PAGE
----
Herbal Lore Part 3

To start off, it’s important to be aware of the fact that the descriptions I am about to give are based on magical symbolism and NOT medical prescriptions. There is a crossover between medical herbalism and magical herbalism because they have a common origin. Witches were medicine women and what they prescribed was later on proved by medical research. But this is not the case with all the herbs that I am going to talk about here.

This list is a combination of information I got from “The Wicca Bible” from Ann-Marie Callagher supplemented with information from Wikipedia and several YouTube Magical practitioners. The mayority of the pictures are copyright free and from Wikipedia. When the photographer was known, I did attribute him or her. 

The herbs can be used in several ways. For example:

  • decoration for an altar
  • part of an incense blend
  • in a balefire (a fire set for magical or ritual purposes) 
  • in ritual or spell work by anointing a candle with a carrier oil and rolling it in the dried leaves or flowers
  • in pouches to be tied on bedpost or worn as a pendant around the neck
  • in the central point of the household or at the front or back door of your home, you can hang bunches with herbs that have protective or banishing properties
  • in herbal oils

...and many other ways. If you have another suggestion, please share it with us!

Here is my list of herbs and their magical properties...


Asafoetida Ferula assafoetida

Ferula Assafoetida by Patrick Verhaeghe - https://www.flickr.com/photos/28314792@N05/39909462250/, CC0, https://commons.wikimedia.org

The name is derived from "asa", meaning 'mastic', and "foetidus", meaning 'smelling fetid', which refers to its strong sulfurous odour. Magical practitioners use this nasty-smelling herb by burning its leaves to drive away evil influences.

Cinnamon Cinnamomum Verum

Cinnamomum verum, public Domain, https://commons.wikimedia.org

Cinnamon also used the names Canel or Canella, similar to the current terms of Cinnamon in several other European languages, which are derived from the Latin word Cannella, a diminutive of canna, 'tube', from the way the bark curls up as it dries.

You can use Cinnamon magically to induce passion in man and for prosperity in business matters.

Cloves Syzygium Aromaticum

Syzygium Aromaticum, by Prof. Chen Hualin - Own work, CC BY-SA 4.0, https://commons.wikimedia.org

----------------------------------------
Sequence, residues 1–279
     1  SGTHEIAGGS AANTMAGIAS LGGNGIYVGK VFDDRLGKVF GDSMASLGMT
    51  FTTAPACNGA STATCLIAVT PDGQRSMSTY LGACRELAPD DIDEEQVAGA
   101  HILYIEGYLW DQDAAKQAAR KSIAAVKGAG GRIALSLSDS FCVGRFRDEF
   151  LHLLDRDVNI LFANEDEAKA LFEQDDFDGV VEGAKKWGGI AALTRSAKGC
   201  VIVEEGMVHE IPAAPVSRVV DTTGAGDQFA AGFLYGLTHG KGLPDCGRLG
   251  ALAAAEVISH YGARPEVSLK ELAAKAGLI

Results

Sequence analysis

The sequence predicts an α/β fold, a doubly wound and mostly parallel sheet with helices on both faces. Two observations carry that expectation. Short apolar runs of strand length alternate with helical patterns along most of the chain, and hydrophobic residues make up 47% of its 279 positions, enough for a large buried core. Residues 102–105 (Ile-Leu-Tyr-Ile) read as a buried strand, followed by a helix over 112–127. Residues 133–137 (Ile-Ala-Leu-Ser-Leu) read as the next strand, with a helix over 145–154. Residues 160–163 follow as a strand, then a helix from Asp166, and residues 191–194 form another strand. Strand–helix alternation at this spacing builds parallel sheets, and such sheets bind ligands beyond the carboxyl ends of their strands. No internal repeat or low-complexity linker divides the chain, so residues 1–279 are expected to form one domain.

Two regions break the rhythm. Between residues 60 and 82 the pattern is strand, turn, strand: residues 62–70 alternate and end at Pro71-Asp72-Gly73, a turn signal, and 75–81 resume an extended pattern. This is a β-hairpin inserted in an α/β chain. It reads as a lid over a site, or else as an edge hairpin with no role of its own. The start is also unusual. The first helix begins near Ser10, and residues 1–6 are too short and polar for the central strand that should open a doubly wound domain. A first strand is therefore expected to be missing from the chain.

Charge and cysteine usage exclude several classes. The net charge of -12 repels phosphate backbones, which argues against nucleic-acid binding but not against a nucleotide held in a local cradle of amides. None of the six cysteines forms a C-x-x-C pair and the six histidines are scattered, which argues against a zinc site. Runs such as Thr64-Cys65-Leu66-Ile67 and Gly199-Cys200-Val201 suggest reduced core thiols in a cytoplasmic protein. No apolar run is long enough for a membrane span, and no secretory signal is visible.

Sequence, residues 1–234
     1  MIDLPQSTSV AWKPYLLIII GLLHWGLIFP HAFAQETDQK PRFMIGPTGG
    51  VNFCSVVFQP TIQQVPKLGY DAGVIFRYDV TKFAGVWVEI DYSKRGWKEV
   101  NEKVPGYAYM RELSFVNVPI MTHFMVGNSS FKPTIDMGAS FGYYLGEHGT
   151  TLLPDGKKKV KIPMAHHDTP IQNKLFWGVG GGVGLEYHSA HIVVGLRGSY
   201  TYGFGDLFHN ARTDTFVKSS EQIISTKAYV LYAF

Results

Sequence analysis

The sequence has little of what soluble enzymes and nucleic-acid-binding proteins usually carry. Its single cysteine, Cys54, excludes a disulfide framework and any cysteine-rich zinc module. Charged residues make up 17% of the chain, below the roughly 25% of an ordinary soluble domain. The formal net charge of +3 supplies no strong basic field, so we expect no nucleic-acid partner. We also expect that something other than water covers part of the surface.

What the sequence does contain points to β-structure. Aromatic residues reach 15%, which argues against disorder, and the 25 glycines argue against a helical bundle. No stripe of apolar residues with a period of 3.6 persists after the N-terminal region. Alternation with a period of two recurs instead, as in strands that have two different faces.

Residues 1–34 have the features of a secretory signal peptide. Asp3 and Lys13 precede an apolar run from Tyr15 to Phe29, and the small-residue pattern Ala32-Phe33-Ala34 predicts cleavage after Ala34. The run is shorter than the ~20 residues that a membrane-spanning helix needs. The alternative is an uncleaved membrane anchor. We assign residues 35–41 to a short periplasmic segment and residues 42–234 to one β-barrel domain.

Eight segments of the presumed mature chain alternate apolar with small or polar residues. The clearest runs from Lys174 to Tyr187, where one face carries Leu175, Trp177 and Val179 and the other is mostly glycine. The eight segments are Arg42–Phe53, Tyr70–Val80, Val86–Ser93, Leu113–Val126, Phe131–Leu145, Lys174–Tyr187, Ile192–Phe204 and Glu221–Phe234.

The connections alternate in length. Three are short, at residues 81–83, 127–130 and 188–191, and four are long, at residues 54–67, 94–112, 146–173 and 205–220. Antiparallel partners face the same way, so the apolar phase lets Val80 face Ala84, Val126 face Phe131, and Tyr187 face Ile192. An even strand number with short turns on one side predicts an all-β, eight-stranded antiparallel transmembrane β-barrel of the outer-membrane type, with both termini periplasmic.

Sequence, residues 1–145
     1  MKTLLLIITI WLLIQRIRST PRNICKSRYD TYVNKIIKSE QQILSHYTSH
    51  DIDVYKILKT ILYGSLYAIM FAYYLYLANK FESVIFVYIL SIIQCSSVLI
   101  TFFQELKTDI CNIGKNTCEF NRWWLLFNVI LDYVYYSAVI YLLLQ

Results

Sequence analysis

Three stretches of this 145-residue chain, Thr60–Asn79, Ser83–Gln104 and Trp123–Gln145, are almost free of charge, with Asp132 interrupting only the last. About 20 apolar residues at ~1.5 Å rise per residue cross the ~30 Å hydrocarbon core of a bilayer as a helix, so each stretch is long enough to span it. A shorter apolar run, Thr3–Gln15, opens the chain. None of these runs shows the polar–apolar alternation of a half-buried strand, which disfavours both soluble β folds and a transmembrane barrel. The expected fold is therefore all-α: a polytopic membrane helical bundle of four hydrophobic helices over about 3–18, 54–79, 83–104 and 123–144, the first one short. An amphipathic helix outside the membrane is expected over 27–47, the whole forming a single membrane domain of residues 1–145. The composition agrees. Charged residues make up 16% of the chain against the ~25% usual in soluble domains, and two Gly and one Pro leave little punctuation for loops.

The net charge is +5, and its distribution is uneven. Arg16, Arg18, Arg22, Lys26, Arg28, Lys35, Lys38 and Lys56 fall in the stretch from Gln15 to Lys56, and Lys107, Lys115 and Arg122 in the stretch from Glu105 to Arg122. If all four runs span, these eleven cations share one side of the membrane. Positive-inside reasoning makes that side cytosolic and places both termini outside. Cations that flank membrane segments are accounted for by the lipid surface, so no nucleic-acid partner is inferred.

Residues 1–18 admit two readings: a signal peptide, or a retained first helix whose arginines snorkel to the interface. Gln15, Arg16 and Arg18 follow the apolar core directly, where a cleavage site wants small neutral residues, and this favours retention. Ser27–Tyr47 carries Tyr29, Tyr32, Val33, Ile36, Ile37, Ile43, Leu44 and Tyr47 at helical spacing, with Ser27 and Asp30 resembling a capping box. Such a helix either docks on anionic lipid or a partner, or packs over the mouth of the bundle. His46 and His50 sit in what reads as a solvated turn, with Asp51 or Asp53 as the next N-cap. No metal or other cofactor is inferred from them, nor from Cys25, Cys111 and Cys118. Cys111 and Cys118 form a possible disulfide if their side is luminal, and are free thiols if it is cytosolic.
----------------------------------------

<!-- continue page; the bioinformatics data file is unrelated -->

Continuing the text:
Cloves are aromatic flower buds native to  Indonesia and are commonly used as spice.

They are great for magical incense blends for general good health, attract others, and keep trouble away. 

Frankincense Boswellia Sacra 

Boswellia Sacra by Scott Zona from USA - Boswellia sacra, CC BY 2.0, https://commons.wikimedia.org

The English word frankincense derives from the Old French expression franc encens, meaning 'high-quality incense'. The word franc in Old French meant 'noble' or 'pure'.

Frankincense is excellent for protection and purification, sacred to the sun and suitable for healing work.

Myrrh Commiphora myrrha

Commiphora Myrrha by Franz Eugen Köhler, Public domain, https://commons.wikimedia.org

The word myrrh corresponds with a common Semitic root m-r-r, meaning "bitter". It has been used throughout history as a perfume, incense and medicine. Myrrh is still being used in magic for purification, incenses and healing. Furthermore, it is associated with burials and rebirth (because of its use by the pharaohs) and protection.

Nutmeg Myristica Fragrans

Myristica Fragrans, By കാക്കര - Own work, CC BY-SA 3.0, https://commons.wikimedia.org

The earliest evidence of Nutmeg usage comes from one of the islands in eastern Indonesia. Then, in the 6th century AD, Nutmeg spread to India, then further west to Constantinople. By the 13th century, Arab traders had pinpointed the origin of Nutmeg to the Indonesian islands, but kept this location a secret from European traders.

Worn in a red pouch around the neck, the magic of Nutmeg can draw good health and strength to the wearer. Particularly useful in healing spells for elders.

Orris Iris Germanica and Iris pallida

Iris Germanica by User: GinoMM, CC BY-SA 3.0, https://commons.wikimedia.org

Orris root (Rhizoma Iridis) is a term used for Iris Germanica and Iris pallida. It had the common name of Queen Elizabeth Root.

Magical practitioners will often use the dried and powdered root of the Orris in love incense blends. The perfume is pleasant as a purification charm in the home. It can be placed in muslin sachets with oats and used in the bath and lavender oil for a pre-ritual purification bath.

Patchouli Pogostemon Cablin

Pogostemon Cablin, no machine-readable author provided, CC BY-SA 3.0, https://commons.wikimedia.org

The word derives from the Tamil patchai, meaning "green", and ellai, meaning "leaf", and grows well in warm, tropical climates.

This earthy herb attracts male sexual attention in love oils and incenses and is excellent as an earth correspondence in prosperity mixes.

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